Employers in higher education have plenty of money but won’t spend it on their workforce. Only mass action will force them to concede, argue Counterfire UCU members
Monday sees higher education workers in UCU out on strike again. The strikes are part of the ongoing action in support of the ‘four fights’ (pay, workload, gender inequality and casualisation) and against draconian changes to USS pension payments.
UCU members have been in dispute on these issues for over two years and strikers continue to show immense resilience and willingness to fight.
In the USS element of the dispute – which only applies to some, older universities - employers have disregarded union alternatives to impose changes that will significantly reduce member benefits. Employers used the pandemic to initiate a revaluation and took low share prices at the start of the crisis as the benchmark to guesstimate the pension pot. It was a ridiculous and scandalous decision, not least because the scheme’s assets have risen by a third – to some £90 billion – in the two years since the 2020 valuation. They will now try to impose increased contributions and reduced benefits for members.
The ‘four fights’ vary in their impact across the sector.
There is no doubt that high workloads blight the sector and local workload agreements and a nationally agreed 35 hour working week urgently need to be put in place. Most teaching staff work far longer hours than this as routine, including at weekends.
Casual working is far more significant at the research intensive institutions, where, in some cases, over 60 percent of staff are on short and casual work contracts.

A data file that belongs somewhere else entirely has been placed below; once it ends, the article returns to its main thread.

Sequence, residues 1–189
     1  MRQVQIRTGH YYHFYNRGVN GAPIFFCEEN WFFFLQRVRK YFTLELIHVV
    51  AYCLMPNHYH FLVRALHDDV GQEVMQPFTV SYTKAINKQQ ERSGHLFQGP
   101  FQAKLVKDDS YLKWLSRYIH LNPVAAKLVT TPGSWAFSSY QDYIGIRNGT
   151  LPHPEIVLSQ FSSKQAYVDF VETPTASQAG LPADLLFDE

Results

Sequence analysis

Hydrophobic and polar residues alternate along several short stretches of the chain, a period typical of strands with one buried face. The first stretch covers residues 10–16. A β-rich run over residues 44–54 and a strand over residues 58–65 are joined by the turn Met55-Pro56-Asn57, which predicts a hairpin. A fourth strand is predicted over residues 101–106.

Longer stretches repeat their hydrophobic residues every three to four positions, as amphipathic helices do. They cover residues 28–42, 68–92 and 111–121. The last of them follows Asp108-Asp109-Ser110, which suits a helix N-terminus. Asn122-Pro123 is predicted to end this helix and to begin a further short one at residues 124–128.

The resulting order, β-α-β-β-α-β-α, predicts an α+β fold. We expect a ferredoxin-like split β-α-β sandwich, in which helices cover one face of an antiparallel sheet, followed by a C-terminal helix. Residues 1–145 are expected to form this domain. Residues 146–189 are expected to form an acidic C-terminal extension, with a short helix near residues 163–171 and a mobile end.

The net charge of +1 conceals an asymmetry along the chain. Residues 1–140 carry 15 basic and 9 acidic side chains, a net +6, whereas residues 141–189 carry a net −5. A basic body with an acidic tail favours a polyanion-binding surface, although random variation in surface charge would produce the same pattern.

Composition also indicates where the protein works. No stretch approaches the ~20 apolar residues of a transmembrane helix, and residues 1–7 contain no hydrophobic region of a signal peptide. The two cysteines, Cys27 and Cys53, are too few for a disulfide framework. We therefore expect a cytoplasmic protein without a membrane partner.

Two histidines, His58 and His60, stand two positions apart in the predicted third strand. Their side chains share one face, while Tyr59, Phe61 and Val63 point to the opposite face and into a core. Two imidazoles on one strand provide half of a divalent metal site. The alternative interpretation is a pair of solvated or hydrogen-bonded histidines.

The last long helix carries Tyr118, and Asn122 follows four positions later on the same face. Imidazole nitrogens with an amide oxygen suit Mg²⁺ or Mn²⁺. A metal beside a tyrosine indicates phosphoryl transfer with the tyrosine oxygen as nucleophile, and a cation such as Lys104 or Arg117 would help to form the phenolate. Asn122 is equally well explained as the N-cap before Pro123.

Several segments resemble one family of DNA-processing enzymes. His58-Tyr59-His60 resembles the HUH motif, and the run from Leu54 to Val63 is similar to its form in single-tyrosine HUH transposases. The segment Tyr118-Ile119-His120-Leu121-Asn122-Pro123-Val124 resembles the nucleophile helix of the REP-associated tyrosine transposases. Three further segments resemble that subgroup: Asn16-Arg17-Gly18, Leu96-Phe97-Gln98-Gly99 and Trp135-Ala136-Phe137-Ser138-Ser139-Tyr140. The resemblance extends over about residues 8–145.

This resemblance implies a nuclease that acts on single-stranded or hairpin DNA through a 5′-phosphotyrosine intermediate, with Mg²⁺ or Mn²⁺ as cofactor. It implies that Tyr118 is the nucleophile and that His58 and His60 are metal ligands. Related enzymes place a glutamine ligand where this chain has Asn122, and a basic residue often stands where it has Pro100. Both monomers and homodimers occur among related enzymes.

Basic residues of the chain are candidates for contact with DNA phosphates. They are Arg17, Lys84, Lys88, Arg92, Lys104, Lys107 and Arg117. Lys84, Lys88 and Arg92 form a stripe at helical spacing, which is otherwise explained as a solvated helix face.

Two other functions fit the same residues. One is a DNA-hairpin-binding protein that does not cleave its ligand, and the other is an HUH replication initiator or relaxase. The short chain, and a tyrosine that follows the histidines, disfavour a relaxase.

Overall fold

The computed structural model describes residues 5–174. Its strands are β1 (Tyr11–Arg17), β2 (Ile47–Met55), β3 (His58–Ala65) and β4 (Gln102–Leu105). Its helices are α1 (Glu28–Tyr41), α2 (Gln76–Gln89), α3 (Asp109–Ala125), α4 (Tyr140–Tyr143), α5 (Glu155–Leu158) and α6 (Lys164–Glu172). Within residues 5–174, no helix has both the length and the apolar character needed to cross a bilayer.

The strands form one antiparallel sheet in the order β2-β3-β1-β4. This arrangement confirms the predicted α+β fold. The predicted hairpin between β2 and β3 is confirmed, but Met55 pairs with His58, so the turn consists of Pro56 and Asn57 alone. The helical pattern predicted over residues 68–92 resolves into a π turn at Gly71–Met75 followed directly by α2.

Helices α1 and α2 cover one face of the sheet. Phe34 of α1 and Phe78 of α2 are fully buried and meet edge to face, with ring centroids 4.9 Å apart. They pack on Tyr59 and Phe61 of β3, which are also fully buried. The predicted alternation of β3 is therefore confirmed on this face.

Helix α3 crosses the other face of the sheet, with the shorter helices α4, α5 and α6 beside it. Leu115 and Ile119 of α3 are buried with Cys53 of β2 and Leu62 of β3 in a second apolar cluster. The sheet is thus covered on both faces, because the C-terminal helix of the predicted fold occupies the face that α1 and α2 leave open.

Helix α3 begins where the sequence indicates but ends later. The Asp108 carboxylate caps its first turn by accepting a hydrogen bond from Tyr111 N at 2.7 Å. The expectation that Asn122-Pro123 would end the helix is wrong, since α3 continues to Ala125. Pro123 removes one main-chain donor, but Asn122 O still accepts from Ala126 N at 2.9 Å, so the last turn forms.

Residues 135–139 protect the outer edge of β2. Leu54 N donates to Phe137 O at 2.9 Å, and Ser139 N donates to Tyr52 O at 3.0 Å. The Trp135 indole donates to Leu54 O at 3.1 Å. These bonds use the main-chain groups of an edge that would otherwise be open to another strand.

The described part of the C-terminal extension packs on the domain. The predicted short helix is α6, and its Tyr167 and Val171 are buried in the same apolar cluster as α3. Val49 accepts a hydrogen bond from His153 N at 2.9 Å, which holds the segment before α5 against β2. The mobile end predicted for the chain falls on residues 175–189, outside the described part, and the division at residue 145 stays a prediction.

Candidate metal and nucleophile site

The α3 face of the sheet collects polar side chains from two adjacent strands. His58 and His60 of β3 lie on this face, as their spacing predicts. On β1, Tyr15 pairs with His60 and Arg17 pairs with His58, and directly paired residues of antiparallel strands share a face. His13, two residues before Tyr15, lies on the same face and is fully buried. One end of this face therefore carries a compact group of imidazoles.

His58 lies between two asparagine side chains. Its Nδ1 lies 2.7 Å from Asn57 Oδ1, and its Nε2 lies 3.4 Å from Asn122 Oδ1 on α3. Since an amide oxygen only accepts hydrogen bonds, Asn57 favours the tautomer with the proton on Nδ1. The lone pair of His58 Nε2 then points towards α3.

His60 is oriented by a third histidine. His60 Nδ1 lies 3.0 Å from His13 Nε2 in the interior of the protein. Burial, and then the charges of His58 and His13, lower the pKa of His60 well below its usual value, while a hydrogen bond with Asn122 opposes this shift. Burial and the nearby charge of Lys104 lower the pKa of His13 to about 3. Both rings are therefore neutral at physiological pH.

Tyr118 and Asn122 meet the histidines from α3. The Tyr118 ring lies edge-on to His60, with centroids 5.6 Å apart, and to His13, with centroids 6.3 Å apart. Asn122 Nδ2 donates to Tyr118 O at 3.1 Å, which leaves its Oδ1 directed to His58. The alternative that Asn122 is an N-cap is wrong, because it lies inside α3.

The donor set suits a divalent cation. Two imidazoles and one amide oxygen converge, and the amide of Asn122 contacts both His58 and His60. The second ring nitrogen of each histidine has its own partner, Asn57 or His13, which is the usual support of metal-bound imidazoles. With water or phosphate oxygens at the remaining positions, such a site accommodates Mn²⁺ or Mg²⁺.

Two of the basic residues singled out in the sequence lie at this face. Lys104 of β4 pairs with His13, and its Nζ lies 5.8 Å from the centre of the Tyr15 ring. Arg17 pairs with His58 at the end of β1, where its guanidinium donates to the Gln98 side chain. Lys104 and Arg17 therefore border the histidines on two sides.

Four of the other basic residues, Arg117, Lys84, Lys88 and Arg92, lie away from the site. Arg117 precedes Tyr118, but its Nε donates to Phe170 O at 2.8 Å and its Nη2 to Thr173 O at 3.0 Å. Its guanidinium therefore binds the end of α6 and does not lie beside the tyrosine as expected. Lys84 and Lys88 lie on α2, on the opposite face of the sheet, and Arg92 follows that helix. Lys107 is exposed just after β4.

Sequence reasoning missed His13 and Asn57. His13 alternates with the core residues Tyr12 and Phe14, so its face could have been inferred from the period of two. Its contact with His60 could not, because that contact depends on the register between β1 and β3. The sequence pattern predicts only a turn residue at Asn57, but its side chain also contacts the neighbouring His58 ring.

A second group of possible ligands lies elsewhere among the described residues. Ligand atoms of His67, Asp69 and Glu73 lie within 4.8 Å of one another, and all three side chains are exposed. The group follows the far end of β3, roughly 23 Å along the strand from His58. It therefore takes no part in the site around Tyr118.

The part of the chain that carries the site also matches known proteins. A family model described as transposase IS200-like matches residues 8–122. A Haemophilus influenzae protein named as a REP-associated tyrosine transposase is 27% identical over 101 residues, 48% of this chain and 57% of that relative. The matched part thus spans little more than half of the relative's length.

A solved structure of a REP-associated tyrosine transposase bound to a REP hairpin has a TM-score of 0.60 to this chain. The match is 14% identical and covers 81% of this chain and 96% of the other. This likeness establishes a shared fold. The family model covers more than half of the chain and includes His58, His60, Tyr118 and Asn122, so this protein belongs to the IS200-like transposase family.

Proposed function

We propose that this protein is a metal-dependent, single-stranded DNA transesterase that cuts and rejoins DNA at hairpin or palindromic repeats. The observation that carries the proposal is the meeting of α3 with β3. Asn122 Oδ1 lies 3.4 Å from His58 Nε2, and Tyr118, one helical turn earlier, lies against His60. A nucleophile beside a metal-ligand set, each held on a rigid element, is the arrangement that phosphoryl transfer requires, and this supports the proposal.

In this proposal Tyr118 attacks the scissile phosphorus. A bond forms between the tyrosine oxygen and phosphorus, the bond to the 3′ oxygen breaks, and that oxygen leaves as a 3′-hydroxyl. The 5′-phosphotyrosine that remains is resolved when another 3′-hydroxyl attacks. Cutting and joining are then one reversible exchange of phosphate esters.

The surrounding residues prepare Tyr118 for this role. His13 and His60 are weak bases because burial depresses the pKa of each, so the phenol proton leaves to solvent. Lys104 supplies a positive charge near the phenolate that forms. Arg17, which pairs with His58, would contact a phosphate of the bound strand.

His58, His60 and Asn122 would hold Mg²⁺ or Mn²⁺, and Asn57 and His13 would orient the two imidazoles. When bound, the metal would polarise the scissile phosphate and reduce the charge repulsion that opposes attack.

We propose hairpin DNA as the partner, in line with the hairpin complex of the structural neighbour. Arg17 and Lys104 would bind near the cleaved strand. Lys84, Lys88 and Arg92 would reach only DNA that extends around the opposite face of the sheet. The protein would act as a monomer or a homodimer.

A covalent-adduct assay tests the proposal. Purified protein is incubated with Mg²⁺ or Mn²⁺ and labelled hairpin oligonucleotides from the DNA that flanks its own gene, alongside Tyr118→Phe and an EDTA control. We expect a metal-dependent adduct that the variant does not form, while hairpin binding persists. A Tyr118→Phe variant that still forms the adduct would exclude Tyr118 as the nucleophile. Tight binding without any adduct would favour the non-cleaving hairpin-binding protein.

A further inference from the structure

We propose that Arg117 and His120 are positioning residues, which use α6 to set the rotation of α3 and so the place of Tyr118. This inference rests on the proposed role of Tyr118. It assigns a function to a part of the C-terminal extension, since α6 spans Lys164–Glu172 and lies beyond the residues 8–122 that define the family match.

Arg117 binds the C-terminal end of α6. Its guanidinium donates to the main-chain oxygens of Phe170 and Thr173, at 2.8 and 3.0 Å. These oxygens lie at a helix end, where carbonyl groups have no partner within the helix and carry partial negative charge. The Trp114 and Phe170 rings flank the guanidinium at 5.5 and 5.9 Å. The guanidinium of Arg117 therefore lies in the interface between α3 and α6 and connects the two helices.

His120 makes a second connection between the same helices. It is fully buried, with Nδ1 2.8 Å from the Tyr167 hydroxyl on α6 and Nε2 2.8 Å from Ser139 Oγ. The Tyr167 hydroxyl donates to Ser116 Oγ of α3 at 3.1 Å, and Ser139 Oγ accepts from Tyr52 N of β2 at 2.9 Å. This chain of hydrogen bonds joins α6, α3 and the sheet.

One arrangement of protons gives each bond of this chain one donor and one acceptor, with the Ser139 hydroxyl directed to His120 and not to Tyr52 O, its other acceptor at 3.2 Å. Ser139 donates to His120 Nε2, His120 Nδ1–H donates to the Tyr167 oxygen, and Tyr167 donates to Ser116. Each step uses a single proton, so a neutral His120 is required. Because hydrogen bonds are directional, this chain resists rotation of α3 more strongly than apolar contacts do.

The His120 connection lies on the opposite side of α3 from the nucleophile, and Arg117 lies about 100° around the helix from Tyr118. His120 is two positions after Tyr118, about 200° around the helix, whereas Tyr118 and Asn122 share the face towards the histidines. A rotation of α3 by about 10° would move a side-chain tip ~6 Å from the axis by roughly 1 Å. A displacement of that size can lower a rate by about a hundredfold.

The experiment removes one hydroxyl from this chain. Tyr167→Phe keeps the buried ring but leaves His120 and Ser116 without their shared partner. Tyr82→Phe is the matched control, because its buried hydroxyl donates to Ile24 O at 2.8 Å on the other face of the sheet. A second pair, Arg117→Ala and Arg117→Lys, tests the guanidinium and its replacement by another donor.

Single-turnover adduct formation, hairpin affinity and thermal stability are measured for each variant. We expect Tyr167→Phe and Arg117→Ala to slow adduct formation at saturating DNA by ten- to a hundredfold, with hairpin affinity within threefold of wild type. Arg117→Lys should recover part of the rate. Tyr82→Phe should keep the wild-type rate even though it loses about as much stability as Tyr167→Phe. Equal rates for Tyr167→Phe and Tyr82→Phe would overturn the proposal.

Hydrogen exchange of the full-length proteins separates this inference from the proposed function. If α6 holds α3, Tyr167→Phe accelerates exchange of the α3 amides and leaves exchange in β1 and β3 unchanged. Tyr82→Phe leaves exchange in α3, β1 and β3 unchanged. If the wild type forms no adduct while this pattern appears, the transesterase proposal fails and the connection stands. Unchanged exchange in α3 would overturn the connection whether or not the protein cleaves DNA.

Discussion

Pay inequality is stark across the sector - a reflection of the relatively small number of women, black and disabled colleagues in senior positions. A flat rate pay award, which the union is demanding, would mark a step in the right direction in addressing this inequality.
But there is no doubt that the question of pay is increasingly central to the dispute. As the cost of living crisis rips through Britain workers will need a double digit pay rise just to stand still; bosses are offering a miserly 1.5 per cent, with threats of a similar small rise next academic year. The effect of this is a massive pay cut of around 10 percent if inflation predictions are correct.
The strikes over the next two weeks are a vital part of the ongoing struggle and UCU members need the active support of trade unionist and socialists across the country.
As the strikes start the union is starting to reballot all members across the country. As before this will be on a ‘disaggregated’ basis, meaning each university branch will need to get a 50 percent turnout amongst members and a positive vote for action in order to ‘legally’ join the dispute. This high threshold is the deliberate result of vicious Tory legislation, the Trade Union Act 2016, whose aim is to prevent industrial action.
The strikes give us a great opportunity to build the vote and push for as big a vote for action as possible.
Whilst we should do all we can to support the strikes and get a positive vote out, it is important to recognise that the dispute is throwing up some very important strategic questions. These are crucial questions for UCU, but some aspects of the leadership strategy are also being debated in other unions.